Jailed tycoon Wong Kwong-yu and wife agree to pay HK$420m to Gome in misconduct case

Jailed company founder Wong Kwong-yu and wife settle with the SFC over misconduct case involving a share repurchase deal in 2008

PUBLISHED : Tuesday, 11 March, 2014, 10:17pm
UPDATED : Friday, 08 May, 2015, 9:12am

Jailed mainland billionaire Wong Kwong-yu, founder and former chairman of Gome Electrical Appliances, and his wife Du Juan will pay HK$420.6 million to the company as compensation for misconduct in a 2008 share repurchase deal.

Their agreement with the Securities and Futures Commission, announced yesterday, ends a nearly five-year legal battle between the couple and the regulator. The SFC has agreed to stay its proceedings and take no further action after the payment, which equals the gains they made from the deal.

Wong, known as Huang Guangyu on the mainland, was a high school dropout from Shantou who set up a street-side electronic stall in 1987 that was later named Gome and turned into the country's largest electronic appliance retailer with over 1,000 stores. The company's listing in Hong Kong in 2004 helped Wong climb to the top of the Hurun rich list in 2007.

Wong did not make full disclosure of such personal interest

Gome lost its top billing to its rivals after a Beijing court in 2010 sentenced Wong to a 14-year prison term and a fine of 600 million yuan (HK$759 million) for insider trading and other financial crimes.

In August 2009, the SFC initiated legal action against the couple. It alleged that as directors, they had organised two share repurchases of Gome - in January and February 2008 - amounting to HK$2.2 billion to raise cash for repaying a HK$2.4 billion personal loan from a financial institution.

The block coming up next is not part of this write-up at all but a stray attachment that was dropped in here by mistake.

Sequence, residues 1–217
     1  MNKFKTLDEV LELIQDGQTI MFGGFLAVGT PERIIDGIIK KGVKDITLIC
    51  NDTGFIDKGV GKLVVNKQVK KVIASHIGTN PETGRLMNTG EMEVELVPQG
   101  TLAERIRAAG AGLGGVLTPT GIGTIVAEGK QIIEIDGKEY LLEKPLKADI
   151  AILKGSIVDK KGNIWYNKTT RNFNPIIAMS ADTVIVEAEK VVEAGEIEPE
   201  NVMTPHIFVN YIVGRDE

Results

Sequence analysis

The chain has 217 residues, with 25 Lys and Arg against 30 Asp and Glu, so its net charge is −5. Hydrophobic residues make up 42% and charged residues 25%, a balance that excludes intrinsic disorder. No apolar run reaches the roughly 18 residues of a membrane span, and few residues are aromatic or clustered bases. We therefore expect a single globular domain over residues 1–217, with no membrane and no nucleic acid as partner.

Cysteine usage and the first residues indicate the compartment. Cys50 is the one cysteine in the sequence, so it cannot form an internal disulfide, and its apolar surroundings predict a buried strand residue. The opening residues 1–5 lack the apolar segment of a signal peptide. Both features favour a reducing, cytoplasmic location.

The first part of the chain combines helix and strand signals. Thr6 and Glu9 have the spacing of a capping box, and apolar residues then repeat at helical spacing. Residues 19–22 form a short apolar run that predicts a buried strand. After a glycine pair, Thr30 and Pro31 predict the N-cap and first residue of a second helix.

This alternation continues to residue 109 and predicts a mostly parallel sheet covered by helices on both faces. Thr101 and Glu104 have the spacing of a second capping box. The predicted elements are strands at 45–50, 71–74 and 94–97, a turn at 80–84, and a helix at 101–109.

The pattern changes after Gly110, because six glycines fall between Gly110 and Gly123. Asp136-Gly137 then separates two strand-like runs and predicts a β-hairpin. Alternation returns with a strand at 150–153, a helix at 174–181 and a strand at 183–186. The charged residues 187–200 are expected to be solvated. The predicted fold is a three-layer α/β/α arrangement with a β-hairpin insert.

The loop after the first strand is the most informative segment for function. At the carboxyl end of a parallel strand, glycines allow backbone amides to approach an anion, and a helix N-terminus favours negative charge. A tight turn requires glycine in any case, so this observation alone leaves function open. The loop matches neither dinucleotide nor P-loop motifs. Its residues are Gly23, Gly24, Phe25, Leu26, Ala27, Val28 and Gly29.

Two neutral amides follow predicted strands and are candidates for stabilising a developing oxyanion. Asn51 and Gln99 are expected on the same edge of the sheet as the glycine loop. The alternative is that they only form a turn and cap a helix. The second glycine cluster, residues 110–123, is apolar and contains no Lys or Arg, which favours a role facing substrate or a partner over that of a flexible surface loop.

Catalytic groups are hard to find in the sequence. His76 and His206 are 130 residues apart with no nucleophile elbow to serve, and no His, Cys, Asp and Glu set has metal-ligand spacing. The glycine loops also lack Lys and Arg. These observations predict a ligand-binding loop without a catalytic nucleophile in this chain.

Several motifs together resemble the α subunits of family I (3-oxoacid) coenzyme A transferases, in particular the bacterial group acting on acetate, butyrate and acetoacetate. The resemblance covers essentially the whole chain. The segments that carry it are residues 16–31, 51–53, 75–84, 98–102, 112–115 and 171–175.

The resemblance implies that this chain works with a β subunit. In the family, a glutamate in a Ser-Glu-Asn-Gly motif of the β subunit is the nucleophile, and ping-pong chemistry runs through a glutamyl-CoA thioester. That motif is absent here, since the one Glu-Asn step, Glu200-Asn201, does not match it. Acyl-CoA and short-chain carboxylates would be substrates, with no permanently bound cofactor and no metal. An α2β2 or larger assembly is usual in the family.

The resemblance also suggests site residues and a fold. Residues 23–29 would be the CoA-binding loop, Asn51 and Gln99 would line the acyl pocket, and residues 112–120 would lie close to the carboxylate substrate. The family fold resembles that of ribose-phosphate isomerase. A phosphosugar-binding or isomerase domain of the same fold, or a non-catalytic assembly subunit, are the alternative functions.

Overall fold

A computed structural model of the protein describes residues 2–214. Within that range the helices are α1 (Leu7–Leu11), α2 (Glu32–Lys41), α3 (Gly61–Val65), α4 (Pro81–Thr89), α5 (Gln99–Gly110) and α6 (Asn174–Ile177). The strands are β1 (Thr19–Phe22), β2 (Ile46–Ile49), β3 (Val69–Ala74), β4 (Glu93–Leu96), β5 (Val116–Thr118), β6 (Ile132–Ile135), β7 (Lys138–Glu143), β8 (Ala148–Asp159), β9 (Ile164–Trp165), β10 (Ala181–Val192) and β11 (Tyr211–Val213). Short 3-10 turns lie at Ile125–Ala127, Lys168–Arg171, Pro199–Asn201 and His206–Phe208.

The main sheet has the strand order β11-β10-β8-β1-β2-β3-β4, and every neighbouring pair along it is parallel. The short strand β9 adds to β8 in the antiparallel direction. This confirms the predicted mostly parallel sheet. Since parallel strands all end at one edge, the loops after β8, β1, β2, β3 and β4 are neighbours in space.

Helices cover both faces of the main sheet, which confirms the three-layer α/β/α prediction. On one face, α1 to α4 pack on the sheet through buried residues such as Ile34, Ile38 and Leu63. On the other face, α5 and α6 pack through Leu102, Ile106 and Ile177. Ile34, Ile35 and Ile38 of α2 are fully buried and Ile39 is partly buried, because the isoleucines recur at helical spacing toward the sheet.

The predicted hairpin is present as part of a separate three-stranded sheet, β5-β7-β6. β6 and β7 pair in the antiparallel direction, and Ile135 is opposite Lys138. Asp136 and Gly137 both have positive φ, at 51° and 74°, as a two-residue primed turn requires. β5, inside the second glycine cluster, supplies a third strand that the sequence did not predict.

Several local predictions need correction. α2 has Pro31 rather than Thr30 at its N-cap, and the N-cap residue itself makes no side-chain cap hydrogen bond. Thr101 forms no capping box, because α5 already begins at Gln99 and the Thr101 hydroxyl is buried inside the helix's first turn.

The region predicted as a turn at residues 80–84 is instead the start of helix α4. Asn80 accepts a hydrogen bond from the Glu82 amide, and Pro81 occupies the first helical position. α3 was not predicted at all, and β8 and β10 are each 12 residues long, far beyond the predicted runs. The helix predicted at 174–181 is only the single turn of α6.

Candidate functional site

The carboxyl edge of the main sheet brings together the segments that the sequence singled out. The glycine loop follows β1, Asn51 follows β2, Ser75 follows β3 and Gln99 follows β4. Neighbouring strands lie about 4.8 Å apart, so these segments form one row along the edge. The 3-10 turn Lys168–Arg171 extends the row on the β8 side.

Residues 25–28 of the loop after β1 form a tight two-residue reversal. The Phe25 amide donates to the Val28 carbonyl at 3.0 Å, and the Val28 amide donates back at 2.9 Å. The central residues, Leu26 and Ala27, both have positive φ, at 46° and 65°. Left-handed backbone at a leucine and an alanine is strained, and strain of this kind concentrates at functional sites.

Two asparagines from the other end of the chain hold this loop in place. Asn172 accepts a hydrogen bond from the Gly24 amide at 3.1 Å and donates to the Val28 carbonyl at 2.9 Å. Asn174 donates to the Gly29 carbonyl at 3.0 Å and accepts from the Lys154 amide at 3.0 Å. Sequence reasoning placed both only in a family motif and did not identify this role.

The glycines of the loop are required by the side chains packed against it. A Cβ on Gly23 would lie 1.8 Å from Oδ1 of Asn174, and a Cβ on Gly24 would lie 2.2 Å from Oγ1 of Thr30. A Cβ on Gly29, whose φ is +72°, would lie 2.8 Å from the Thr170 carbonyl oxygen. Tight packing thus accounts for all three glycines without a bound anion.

The SFC said Wong had directed Gome to repurchase most of the 136.94 million shares originally held by him. The shares bought from him accounted for 70 per cent of the total repurchase.

In reaching the settlement with the SFC, Wong and Du agreed that they had breached their directors' duties to ensure a repurchase was in the best interest of the company. Instead, they engineered the deal to make personal gains at the expense of Gome.

"Wong did not make full disclosure of such personal interest as he may have had in the share repurchase as a seller of the Gome shares," the SFC statement said.

"Hong Kong-listed companies are not personal fiefdoms. Corporate actions must be properly authorised, they must have proper purposes and fundamentally directors must take into account the best interests of the company and all its shareholders," said Mark Steward, executive director of the SFC.

"The SFC will continue to take what action is necessary to ensure the interests of the investing public are adequately protected."

Gome will let its small shareholders decide if they approve the compensation, the SFC said.

Even though Wong is behind bars, the couple remain the biggest shareholders of Gome.